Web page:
November, December 2015
The third stop on our Journey is Fuzhou in Southern China, population 2,124 million.
Our Motel is very spacious and lush, it has huge windows that overlook a beautiful lake.
It has a very romantic arched walking bridge that leads onto a small lush island with traditional pagoda type buildings.
Very alluring. There are masses of people everywhere, the streets are raging.
We enjoy a group meal at a Thai restaurant. Again the meal was fabulous.
Then head off to the 3 lanes and 5 alleys, a very ancient part of town that’s been around for 6oo years.
The buildings are made of dark red wood that are covered in the most intricate carvings and the lanterns and lighting.
We are up at 6am the next morning for our spiritual journey to the Putian Southern Shaolin Temple.
Our guide explains that Fuzhou city has two main rivers; one in the South and one in the North.
The South river is the White Dragon and the North river is the Black Dragon.
These two rivers surround the city and keep it safe.
It takes about two hours to reach Putian, with its population of around 3 million.
We pass under the ‘Shaolin Gate’ and drive down Shaolin Road.
A short drive sees us ascending up the mountain to the Shaolin Temple.
There is an air of anticipation, we were all very excited to be there.
As we climb the mountain we enter into the low hanging clouds.
It is very dense and the visual is down to about 6 meters in front of the van.
We are 500 meters up and surrounded by dense lush forest.
The road opens up and the Temple Grounds suddenly appear.
Wow, surrounded in mist it looks so magical.
There are red balloons, lanterns and flyers hanging from tall poles.
Through the mist the colours really brighten the place up and add even more of an air of mystic.
Apparently they were holding ‘The Silk Road Buddhist Convention’.
Our guide walks us through the Temple buildings and orates the history for us.
The Putian Temple was built during the Tong Dynasty.
Thirteen Shaolin staffed monks saved the future Emperor Taizong in 621AD.
After this episode, the Emperor arranged for 3 of the 13 monks to gather a force of 500 martial monks.
They came from the Northern Shaolin Temple to wipe out the pirates
The Pirates had been plaguing the Fukien/Fujian Province coastline.
After the pirates had been subdued and with the emperor’s permission, some of the Monks stayed.
They set up Temples in the Fukien/ Fujian Province.
The temple was totally destroyed around two hundred years ago.
After rediscovering the site in the mid 1980s, reconstruction began in the early 90s.
Martial arts practiced at the Temple are;
Five Ancestor Crane Sun Fist, Five Zhue Yang Quan/Fujian White Crane and Hung Kuen.
The Chinese Government announced that this Temple is the site of the original Temple.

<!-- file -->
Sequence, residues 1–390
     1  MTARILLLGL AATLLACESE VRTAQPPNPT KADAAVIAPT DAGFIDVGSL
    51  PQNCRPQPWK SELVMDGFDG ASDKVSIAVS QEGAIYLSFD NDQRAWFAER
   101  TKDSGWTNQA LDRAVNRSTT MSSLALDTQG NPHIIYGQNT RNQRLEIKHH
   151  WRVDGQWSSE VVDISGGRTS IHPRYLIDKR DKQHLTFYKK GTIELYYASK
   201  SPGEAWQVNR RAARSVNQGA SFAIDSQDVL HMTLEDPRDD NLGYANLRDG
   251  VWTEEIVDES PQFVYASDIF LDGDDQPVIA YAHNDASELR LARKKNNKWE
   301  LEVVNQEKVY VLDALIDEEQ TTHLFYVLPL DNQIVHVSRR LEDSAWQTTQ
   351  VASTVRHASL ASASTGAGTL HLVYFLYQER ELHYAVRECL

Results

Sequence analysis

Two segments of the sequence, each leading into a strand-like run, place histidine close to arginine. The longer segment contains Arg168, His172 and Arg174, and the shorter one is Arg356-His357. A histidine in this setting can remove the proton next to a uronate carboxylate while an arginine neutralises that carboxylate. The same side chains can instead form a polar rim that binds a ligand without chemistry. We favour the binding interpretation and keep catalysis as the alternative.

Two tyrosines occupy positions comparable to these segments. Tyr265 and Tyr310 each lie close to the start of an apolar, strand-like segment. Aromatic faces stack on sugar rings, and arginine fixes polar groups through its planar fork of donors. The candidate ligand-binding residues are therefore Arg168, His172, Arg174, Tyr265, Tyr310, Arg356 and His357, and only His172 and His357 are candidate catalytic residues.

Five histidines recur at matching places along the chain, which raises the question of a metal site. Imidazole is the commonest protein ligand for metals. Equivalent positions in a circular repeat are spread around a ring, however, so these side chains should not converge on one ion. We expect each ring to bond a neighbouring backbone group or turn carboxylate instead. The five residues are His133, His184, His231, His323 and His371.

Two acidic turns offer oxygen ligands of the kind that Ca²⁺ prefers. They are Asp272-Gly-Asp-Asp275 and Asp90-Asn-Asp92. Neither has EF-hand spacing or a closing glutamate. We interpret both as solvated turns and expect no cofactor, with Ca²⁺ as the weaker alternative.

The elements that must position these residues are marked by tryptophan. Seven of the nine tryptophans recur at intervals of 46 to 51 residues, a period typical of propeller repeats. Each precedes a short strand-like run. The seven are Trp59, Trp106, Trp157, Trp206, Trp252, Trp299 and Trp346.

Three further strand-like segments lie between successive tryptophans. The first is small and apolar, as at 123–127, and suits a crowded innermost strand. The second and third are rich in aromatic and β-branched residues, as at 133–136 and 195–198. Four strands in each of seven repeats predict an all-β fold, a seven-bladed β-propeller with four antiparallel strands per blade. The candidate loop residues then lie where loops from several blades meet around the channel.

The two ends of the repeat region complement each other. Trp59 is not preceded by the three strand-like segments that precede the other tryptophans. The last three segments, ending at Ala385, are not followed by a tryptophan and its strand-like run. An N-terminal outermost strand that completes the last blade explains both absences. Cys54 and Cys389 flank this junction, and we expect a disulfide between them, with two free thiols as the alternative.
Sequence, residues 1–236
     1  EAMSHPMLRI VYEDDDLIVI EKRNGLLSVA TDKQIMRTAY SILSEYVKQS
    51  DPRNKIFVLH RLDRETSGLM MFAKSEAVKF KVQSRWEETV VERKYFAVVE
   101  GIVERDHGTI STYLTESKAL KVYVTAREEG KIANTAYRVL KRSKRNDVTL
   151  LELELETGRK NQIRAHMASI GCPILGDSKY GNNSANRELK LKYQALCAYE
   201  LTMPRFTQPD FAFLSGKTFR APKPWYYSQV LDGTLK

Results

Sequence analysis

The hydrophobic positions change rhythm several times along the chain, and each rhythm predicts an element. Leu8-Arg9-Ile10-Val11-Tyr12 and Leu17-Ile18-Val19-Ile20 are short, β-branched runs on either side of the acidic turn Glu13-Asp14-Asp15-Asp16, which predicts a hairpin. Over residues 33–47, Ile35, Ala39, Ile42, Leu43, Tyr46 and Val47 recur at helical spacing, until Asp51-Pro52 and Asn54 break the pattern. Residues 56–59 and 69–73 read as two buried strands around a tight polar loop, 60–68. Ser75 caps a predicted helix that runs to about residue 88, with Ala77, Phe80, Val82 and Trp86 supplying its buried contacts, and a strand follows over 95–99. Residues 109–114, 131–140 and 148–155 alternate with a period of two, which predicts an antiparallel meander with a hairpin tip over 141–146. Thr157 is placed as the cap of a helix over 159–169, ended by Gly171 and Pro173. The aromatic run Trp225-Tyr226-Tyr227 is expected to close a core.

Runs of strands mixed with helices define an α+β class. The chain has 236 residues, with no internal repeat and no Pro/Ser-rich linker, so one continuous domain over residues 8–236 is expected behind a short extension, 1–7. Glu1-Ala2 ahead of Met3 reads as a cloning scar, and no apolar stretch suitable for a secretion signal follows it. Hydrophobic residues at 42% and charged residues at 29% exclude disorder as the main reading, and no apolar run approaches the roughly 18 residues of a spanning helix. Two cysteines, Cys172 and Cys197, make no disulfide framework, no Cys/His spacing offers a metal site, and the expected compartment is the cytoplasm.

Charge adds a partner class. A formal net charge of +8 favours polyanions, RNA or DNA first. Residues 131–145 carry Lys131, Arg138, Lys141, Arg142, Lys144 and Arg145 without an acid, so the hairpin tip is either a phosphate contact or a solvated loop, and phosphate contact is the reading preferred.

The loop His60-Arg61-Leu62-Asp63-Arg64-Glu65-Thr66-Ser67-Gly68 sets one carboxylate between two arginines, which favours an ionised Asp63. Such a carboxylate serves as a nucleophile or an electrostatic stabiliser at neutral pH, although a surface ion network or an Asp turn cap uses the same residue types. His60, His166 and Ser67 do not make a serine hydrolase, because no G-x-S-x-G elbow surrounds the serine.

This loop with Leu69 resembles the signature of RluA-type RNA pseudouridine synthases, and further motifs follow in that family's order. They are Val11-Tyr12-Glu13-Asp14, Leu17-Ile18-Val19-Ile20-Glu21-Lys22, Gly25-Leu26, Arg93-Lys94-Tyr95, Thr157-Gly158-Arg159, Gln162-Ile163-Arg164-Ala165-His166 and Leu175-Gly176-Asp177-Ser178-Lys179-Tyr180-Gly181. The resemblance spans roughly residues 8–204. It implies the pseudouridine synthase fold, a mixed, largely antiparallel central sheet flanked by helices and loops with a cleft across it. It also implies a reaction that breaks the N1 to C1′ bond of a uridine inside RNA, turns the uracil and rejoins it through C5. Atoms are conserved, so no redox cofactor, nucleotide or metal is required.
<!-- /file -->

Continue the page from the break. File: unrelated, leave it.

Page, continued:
The sacred rooms are filled with the smell of incense.
The most ornate rosewood furniture pieces have been intricately carved into beautiful patterns and designs.
We decide to do some training on the Temples gounds.
We find a spot out of the way to practice some Wing Chun forms and drills.
The Chinese love their Kung Fu heritag.
It did not take long before we had drawn quite a crowd observing and taking photo’s.
Shortly after, a monk walked past, observed our practice and invited us to join the Convention.
Sifu Garry and Sifu Linda are introduced to the Head Abbot from Sydney, Australia.
What a bonus, can’t believe we have an Aussie Monk here. What are the chances.
We get a group photo with the Sydney Abbot, the paparazzi are going crazy, snapping photo’s left and right.
It’s like we are movie stars.
We enter the conference room and the media inside go ballistic with photo’s.
It’s quite embarrassing as the conference is in full swing.
We are invited to the vegetarian lunch but explain that we must go as we are on a tight schedule.
Yin Yan, the head Abbot of the Shaolin Temple gets a group photo with us.
He then organizes a Shaolin performance by the young monks.
We are thrilled.
The Sydney Abbot takes us down to the main Temple.
A crowd starts to gather around the square awaiting the Shaolin performance.
About 25 monks were preparing to perform for us.
In typical Shaolin form they are loud, strong, energetic, flexible and dynamic.
They do a couple of group forms and one does a solo form.
The head abbot of Sydney asked whether one of us would like to do a performance.
Sifu Linda could not believe her ears, a once in a lifetime chance was being offered.
So I presented myself up to perform a shorter version of Biu Gee.
I felt very honored and humbled, to perform in front of the Head Abbot and the Monks of Shaolin.
With my adrenalin pumping and a huge crowd watching I endeavored to give one of my best performances.
When I finished I couldn’t wipe the smile off my face. It would have to have been the highlight of my trip.
It still blows my mind when I say that I have performed at the Shaolin Temple.
We bid our farewells and head back to Fuzhou.
Wow what a day, something always unexpected happens on our Wing Chun tours.
That surprise was amazing.
The rest of the trip is tourism.
Our next stop will be Shanghai, then finishing in Beijing before returning to Melbourne Australia.